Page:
Welcome to the Italian experience!

Italian Moodboards invites you to experience top-of-the-range Made in Italy products first-hand. The event, organized by MADE expo and ICE, will be one of the highlights of the upcoming AIA (American Institute of Architects) annual conference. In New York from 21 to 22 June

What better occasion than the annual conference organized by the American Institute of Architects to display a beautiful compendium of Italian excellence? From 21 to 23 June, at the Javits Centre in New York, the 2018 conference of the American Institute of Architects (AIA) will host Italian Moodboards, an exhibition focused on products and materials for finishes that made its debut in March at MADE expo.
Ready for its second debut in a very short space of time, the event is an opportunity that has been wisely seized by MADE expo, part of FederlegnoArredo, and ICE – Italian Trade Agency -, an established partnership that relentlessly focuses on the internationalization of Made in Italy products in a highly competitive environment in which success is not only dictated by entrepreneurs and products, but also by the ability to promote them in a professional, captivating manner. “There will be radical differences between the American project and the Made Expo 2017 version”, clarifies Giovanni Grassi, general manager of MADE eventi.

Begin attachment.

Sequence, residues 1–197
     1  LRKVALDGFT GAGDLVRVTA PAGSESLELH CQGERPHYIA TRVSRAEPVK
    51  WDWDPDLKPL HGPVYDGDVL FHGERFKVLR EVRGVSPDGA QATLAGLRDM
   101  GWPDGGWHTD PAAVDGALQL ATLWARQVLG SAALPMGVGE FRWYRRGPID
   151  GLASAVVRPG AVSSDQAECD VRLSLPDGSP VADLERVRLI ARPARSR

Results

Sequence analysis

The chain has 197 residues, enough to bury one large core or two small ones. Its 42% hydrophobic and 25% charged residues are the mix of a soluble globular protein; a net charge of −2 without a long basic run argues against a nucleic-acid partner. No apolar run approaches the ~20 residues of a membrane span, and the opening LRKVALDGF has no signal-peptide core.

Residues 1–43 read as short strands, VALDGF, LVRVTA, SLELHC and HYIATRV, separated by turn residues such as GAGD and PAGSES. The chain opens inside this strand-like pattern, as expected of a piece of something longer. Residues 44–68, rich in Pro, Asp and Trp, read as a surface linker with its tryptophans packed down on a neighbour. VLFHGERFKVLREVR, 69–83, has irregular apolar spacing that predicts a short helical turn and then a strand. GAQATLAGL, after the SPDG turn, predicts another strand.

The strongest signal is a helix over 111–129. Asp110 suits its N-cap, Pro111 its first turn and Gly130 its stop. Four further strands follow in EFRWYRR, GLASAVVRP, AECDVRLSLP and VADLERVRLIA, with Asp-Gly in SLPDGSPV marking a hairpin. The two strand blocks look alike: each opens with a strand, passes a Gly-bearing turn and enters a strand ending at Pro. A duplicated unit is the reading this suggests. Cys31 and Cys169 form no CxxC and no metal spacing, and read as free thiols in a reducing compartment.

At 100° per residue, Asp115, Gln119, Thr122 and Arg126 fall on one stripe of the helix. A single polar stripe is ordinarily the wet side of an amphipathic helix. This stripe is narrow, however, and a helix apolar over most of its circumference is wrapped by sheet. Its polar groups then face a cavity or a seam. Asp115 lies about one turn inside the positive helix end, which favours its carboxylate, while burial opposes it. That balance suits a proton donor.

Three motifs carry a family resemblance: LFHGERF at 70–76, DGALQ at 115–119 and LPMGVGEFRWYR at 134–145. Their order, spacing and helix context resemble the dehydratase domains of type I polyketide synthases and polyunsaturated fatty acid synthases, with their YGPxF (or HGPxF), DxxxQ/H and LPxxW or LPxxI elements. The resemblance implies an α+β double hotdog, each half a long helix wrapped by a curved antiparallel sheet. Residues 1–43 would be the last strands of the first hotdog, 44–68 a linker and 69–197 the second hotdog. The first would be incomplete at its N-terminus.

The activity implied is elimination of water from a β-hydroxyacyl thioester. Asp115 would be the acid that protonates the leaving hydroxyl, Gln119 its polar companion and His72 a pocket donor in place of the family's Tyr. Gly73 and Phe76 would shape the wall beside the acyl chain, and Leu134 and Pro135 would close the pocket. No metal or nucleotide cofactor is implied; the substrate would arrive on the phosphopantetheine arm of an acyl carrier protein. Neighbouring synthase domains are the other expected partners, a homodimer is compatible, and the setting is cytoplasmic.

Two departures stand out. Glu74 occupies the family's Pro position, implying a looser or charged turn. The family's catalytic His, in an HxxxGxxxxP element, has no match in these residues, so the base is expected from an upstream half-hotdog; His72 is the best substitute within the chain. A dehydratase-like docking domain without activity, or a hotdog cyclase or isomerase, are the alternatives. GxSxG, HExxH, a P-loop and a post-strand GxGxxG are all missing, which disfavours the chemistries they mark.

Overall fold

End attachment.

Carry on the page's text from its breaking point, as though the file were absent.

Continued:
Giovanni Grassi, general manager of MADE eventi

The exhibition, which has benefited from a valuable collaboration with Studio Marco Piva since its first edition, now takes inspiration from 9 major metropolises around the world, offering a tour of exciting and engaging design environments. The products will be the stars of large “working tables” on which you can touch samples of materials related to specific companies and projects. Additionally, a reception space will facilitate direct dialog between industry professionals. Oriented business meetings will directly involve companies, resulting in B2B business trips and visits from foreign operators.  It will be a unique opportunity for direct contact with the community of American architects from all over the state. A valuable, profiled and motivated target to discover new solutions and materials.